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Quantitative assessment of MRI lesion load in multiple sclerosis. A comparison of conventional spin-echo with fast fluid-attenuated inversion recovery

Item Type:Article
Title:Quantitative assessment of MRI lesion load in multiple sclerosis. A comparison of conventional spin-echo with fast fluid-attenuated inversion recovery
Creators Name:Filippi, M. and Yousry, T. and Baratti, C. and Horsfield, M.A. and Mammi, S. and Becker, C. and Voltz, R. and Spuler, S. and Campi, A. and Reiser, M.F. and Comi, G.
Abstract:In this study, we compared a fast fluid-attenuated inversion recovery (fast-FLAIR) sequence to conventional spin-echo (CSE) in the evaluation of brain MRI lesion loads of seven patients with clinically definite multiple sclerosis. Interleaved CSE (3000/20, 5 mm contiguous axial slices) and fast-FLAIR (9000/150/2200, 5 mm contiguous axial slices) sequences were performed on a 1.0 T machine. Lesions were counted consensually by two observers and then segmented independently by two other observers using a local thresholding technique, with subsequent manual editing in the case of poorly defined lesions. Four hundred and two lesions were detected in at least one of the two sequences: 128 were seen only on fast-FLAIR, 17 only on CSE. Forty-one lesions were larger on fast-FLAIR, while no lesion was considered larger on CSE. The numbers of periventricular (P = 0.05), cortical/subcortical (P = 0.02) and discrete (P = 0.05) lesions detected using fast-FLAIR were higher than those detected using CSE. The median lesion load was 7185 mm3 on CSE and 8418 mm3 on the fast-FLAIR, the average being 18% (range = 11.6-29%) higher on the fast-FLAIR images. Lesion contrast ratio was higher for lesions on the fast-FLAIR than on the CSE sequence (P < 0.0001). The percentages of poorly defined lesions which needed manual editing after the local thresholding technique was applied and the total time needed for the measurements were lower (P < 0.001) when fast-FLAIR images were used compared with CSE. This resulted in a reduced inter-rater coefficient of variation in measuring lesion volumes. Our data indicate that fast-FLAIR sequences are more sensitive than CSE in detecting multiple sclerosis lesion burden and that fast-FLAIR is a promising technique for natural history studies and clinical trials in multiple sclerosis.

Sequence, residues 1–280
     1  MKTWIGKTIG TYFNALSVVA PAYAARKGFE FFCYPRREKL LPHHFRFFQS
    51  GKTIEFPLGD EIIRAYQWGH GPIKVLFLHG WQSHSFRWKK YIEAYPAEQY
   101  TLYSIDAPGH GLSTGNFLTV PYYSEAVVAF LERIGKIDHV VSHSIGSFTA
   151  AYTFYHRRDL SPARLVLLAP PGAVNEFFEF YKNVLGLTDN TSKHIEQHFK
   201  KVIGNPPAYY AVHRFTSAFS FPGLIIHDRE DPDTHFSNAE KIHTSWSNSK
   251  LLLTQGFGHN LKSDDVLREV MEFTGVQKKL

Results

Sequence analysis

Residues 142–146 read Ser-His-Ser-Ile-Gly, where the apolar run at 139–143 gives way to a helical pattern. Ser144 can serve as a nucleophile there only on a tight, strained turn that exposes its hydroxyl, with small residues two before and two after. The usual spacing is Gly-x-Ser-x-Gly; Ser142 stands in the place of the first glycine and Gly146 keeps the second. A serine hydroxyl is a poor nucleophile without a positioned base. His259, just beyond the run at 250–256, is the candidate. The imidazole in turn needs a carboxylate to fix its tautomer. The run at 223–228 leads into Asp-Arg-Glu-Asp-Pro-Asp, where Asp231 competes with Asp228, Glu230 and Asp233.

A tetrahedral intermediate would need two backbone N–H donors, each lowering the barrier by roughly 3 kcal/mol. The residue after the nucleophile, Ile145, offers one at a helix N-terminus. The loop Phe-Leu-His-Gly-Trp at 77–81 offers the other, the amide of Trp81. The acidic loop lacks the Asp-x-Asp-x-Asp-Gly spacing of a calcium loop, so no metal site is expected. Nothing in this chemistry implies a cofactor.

Keywords:Multiple Sclerosis, MRI, Lesion Volumes, Conventional Spin-Echo, Fast Fluid-Attenuated Inversion Recovery
Source:Brain
ISSN:0006-8950
Publisher:Oxford University Press (U.K.)
Volume:119
Number:4
Page Range:1349-1355
Date:August 1996
Official Publication:https://doi.org/10.1093/brain/119.4.1349
PubMed:View item in PubMed

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